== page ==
Now a multimillionaire, Crowley has pockets almost as deep as Governor Corzine. This gives him the chance to develop name id and possibly mount a competitive race against Corzine. He almost ran for US Senate against Frank Lautenberg but passed that up. Now he has expressed some possible interest in the race for Governor.

 Although his financial situation might make Crowley viable, and his story is remarkably inspirational and proof oh his determination, where he stands on the issues is yet to be known.

The unknown positions of both Christie and Crowley prohibit me from leaning to one or the other and it should also prohibit others from doing so too. The way it currently stands, conservative Steve Lonegan has my initial philosophical support. But philosophical support is meaningless. It means as much as a Governor who has the right philosophy but can’t implement that philosophy into the application of government. My philosophical support must translate into tangible support. So should Crowley or Christie articulate ideological lines of thinking similar to Lonegan and an ability to implement them, they could easily win my physical support.

This makes declaring their candidacies as soon as possible, quite important.

New Jersey Republicans need to choose our gubernatorial nominee carefully and we need to close ranks around that nominee as quickly as we can. So the debate must begin and in order for that to happen we need to know who the debate is between and what the players stand for.

The most important declaration of candidacy happens to be Chris Christie’s. Many other potential candidates are awaiting his decision. If he runs, many others will bow out. If Chris Christie does not run, the field will fill up fast. Promising candidates like former candidate for the Republican gubernatorial nomination, Freeholder John Murphy may just go for it again. His spirited, fresh faced, energetic, Trenton outsider image could shake things up quite a lot.

Freeholder John Murphy

Freeholder John Murphy

In any event, Chris Christie is holding the greatest promise of hope for New Jersey. His crime busting reputation could be the making of New Jersey’s version of what Tom Dewey was to the state of New York and what Rudy Giuliani was to New York City………squeaky clean politicians who are reform minded, and inclined to creating prosperous governments that improve the quality of life for all it’s citizens.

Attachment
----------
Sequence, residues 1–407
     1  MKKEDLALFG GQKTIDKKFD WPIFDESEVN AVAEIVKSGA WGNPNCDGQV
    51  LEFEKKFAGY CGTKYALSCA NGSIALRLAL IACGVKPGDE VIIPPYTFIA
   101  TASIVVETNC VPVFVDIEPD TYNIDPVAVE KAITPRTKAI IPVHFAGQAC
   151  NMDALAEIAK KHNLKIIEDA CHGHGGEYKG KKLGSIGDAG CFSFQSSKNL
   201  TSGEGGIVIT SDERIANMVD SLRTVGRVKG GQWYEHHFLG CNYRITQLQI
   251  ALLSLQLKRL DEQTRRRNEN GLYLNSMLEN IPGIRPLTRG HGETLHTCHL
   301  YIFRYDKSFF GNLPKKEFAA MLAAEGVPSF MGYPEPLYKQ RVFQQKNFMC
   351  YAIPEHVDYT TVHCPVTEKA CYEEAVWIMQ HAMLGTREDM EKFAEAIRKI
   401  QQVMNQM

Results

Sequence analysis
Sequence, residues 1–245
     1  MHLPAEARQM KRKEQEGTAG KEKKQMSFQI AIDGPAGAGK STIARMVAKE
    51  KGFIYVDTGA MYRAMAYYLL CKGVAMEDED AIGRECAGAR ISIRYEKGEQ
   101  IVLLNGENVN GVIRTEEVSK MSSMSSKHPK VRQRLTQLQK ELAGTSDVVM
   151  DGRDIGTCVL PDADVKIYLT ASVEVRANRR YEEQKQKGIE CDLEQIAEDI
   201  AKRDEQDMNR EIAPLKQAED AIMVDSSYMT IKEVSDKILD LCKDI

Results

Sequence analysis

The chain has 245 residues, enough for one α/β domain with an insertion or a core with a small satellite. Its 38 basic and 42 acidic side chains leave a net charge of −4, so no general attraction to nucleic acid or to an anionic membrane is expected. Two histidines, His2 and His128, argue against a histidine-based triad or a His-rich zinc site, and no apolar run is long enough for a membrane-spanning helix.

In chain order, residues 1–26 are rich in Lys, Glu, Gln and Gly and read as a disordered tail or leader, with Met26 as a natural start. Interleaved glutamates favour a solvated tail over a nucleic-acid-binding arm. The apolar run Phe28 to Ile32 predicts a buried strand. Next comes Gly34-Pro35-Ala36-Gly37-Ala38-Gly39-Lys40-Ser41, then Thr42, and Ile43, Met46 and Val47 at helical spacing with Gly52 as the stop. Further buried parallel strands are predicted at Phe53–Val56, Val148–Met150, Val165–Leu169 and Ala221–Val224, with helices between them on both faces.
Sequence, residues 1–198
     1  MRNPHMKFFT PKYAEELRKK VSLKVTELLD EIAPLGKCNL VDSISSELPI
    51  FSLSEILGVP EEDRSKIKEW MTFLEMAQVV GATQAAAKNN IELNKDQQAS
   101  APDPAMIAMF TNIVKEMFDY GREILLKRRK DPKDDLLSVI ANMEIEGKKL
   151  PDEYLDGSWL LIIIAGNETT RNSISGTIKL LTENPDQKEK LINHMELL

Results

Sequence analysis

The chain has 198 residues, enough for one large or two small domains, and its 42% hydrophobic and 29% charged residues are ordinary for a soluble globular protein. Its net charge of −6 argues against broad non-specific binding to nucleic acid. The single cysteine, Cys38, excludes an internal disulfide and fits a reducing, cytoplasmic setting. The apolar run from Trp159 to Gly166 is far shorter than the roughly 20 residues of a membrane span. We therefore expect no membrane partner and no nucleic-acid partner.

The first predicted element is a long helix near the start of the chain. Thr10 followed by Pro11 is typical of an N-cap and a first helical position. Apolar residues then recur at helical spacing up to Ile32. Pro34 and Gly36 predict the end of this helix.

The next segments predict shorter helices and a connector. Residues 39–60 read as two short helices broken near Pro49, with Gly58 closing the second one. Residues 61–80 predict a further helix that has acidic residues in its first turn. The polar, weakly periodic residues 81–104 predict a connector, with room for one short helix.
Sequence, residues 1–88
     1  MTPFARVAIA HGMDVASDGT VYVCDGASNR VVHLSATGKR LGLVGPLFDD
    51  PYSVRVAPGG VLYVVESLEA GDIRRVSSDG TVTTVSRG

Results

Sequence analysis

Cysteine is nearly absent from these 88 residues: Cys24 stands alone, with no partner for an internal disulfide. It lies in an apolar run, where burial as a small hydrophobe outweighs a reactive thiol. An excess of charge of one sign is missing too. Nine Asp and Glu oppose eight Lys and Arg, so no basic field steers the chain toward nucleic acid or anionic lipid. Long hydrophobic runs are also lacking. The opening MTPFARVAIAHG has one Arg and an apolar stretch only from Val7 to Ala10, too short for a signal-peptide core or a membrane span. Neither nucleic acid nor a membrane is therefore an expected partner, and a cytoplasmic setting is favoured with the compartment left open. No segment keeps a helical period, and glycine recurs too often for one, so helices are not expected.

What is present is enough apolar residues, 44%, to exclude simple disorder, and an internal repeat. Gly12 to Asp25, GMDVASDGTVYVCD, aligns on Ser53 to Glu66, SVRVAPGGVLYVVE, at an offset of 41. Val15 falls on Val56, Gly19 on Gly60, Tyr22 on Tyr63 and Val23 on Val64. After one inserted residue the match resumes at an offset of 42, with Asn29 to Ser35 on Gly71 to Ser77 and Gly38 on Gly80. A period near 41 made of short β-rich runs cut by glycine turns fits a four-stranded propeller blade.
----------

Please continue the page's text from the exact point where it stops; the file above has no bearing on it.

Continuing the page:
That’s how it could be and if it is to be so, Chris Christie must first make intentions known quickly. The first week of the new year should be the latest for that decision.

Should Chris Christie decide to go for it then he must not be afraid to preach the Republican principles that have, more often than not, reformed government for the better.

Republican defeats have forced Republican candidates to sound like Trenton Democrats. Doing so has only helped to increase Republican losses at the ballot box. Chris Christie is poised to turn that all around but only if he leaves no doubt about his Republican inclinations and no doubts about his desire for the job.

punchline-politics21

A little girl asked her father, “Daddy? Do all Fairy Tales begin with ‘Once Upon A Time’?”

He replied, “No, there is a whole series of Fairy Tales that begin with ‘If elected I promise’.”

 

 

 

2 Comments

Filed under politics

LAUTENBERG’S GOTTA GO! DICK ZIMMER FOR U.S. SENATE

New Jersey Candidate For U.S. Senate, Dick Zimmer

New Jersey Candidate For U.S. Senate, Dick Zimmer

New Jersey is a state in crisis. A manmade crisis that has created a state that is unaffordable and a government that is inconsequential. For more than 5 years little has come out of its state capital to make much of a difference in the lives of its approximately 8,725,000 people. Yet from its lush green, rolling hills and mountainous peeks in its northwestern corner to its Victorian Painted Ladies along Cape May on its southern seaside corner, New Jerseyans are battered, burdened and brushed aside by a state legislature that is as effective as a sail boat without a sail. From it’s northern mountains to it’s southern shores and all the suburban sprawl in between, New Jersey’s citizens suffer. While most of the nation is realizing a national economic pinch, New Jerseyans are trying to cope with an economic punch.